In the 1990s archeologist LeRoy Johnson Jr. carried out a detailed typological and technological study of 75 Montell points found at the Jonas Terrace site, located along the Balcones Escarpment 160 miles due east of Bonfire Shelter. Johnson measured some 15 variables (such as blade width, notch depth, stem length) and used statistics to demonstrate that Montell points were made in remarkably consistent manner. He found that skilled Late Archaic flintknappers had used antler billets (“soft hammer” technique) to remove wide, shallow “billet” flakes to create the particularly wide, thin and flat triangular blades (about 5.4 mm in maximum thickness). Johnson argued that Montell points were “part and parcel of a special bison-hunting tool kit … designed to cut wide, bleeding wounds but still penetrate game fairly deeply because of their thinness.”

When a lithic expert adept at studying chipped-stone tools looks closely at this artifact, something of its particular life history makes itself known. Today the Montell dart point from Bonfire Shelter is in two pieces and a field photograph taken on the day it was found suggests it was already broken when found. Not quite so fast. It was likely broken when an excavator first troweled across it—even today the break is very fresh looking and not carbon-stained like the surface of most of the artifact. And centered on the break on one edge is a tiny nick, likely marking the spot the excavator's trowel struck home. This is not anything to be ashamed about—you cannot move dirt (excavate) without inadvertently striking artifacts from time to time.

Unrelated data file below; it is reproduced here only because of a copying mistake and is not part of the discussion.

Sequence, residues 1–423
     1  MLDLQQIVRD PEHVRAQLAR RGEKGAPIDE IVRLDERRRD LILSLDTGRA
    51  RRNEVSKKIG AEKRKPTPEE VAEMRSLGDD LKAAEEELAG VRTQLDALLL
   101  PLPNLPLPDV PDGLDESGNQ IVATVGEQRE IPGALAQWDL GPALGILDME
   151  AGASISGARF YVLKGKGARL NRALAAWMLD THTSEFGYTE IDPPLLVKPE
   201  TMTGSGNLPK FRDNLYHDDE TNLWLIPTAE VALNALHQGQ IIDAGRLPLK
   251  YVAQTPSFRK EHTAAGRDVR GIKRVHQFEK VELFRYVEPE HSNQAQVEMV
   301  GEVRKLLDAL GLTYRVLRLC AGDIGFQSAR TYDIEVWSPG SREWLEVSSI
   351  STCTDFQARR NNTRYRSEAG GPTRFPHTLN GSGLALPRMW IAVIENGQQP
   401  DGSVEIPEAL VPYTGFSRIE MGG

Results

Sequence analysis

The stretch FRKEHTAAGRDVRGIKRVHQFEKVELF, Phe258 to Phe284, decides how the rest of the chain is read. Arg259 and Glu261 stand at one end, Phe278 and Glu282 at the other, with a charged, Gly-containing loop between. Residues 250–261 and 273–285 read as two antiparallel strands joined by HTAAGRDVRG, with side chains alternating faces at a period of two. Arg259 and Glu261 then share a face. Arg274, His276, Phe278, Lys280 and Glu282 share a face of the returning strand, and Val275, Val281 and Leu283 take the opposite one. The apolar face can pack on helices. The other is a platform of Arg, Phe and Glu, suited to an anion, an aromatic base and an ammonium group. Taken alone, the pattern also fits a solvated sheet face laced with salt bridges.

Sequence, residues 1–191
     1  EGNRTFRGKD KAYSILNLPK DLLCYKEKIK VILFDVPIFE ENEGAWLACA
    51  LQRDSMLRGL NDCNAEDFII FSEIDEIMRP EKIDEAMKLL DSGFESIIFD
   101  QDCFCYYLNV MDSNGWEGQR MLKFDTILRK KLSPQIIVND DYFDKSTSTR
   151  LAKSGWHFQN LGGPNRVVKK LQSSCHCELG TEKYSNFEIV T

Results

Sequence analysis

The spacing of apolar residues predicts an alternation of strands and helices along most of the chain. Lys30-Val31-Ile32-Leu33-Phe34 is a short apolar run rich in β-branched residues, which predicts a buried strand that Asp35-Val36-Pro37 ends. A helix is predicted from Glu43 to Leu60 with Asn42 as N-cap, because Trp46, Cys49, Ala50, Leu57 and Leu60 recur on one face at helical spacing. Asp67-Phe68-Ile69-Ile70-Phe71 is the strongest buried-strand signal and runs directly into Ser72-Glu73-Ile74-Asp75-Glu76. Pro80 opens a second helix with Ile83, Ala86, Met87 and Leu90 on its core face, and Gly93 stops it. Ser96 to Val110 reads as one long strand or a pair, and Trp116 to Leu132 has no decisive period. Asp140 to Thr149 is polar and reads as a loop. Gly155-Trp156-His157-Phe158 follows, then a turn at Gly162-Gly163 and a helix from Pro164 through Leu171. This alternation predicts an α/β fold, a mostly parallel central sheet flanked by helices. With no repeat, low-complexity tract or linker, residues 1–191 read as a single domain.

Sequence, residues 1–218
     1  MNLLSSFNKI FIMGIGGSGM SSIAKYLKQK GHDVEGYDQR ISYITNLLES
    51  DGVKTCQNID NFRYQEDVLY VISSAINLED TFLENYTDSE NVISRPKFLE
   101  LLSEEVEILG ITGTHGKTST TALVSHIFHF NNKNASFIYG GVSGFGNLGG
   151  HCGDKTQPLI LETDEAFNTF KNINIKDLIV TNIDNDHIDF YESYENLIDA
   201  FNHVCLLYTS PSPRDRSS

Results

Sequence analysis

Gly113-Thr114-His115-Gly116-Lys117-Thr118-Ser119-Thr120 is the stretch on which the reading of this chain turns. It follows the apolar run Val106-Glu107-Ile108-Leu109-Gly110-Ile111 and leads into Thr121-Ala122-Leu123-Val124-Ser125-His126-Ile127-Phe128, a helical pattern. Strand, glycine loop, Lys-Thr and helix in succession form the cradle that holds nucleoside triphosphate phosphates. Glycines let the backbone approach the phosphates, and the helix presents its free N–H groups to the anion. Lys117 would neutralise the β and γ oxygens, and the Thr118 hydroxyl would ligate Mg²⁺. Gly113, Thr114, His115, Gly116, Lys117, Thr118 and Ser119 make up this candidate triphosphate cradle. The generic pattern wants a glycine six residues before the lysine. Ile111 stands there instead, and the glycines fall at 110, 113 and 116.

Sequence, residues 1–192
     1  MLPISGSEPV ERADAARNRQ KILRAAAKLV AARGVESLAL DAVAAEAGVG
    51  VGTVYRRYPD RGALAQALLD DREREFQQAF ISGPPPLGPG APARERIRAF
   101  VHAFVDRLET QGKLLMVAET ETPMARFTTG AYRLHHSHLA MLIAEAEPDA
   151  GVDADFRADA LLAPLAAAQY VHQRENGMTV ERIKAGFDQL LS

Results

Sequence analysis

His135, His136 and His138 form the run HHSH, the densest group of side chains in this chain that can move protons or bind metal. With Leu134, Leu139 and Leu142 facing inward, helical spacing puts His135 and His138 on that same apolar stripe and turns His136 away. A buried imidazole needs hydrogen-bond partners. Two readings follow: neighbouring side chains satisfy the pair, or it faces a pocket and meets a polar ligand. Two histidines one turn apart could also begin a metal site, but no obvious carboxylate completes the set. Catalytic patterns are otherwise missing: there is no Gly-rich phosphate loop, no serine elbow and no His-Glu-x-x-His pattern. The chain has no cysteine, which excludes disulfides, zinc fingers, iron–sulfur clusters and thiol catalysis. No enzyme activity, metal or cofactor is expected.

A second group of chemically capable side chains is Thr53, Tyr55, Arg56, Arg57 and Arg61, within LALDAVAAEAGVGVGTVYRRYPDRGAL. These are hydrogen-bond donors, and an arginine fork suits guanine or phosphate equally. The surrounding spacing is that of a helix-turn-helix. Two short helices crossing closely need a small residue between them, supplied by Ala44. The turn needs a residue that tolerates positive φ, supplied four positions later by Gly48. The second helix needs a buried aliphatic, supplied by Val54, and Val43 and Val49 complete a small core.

Fortunately, the excavation records for this particular artifact are quite thorough. Although Dr. Dave Dibble was in overall charge of the 1963-1964 Bonfire excavations, the Montell point was found relatively late in the dig on February 5, 1964 after the main Bone Bed 3 excavations had been completed. On that day Curtis Tunnell was the field supervisor. Tunnell was then a senior archeologist on the Amistad archeological salvage program and he filled in for Dibble whenever needed. After Amistad, Curtis Tunnell went on to become the State Archeologist of Texas and then the Executive Director of the Texas Historical Commission. (The Wax Camps exhibit on TBH highlights one of Tunnell's many research projects.)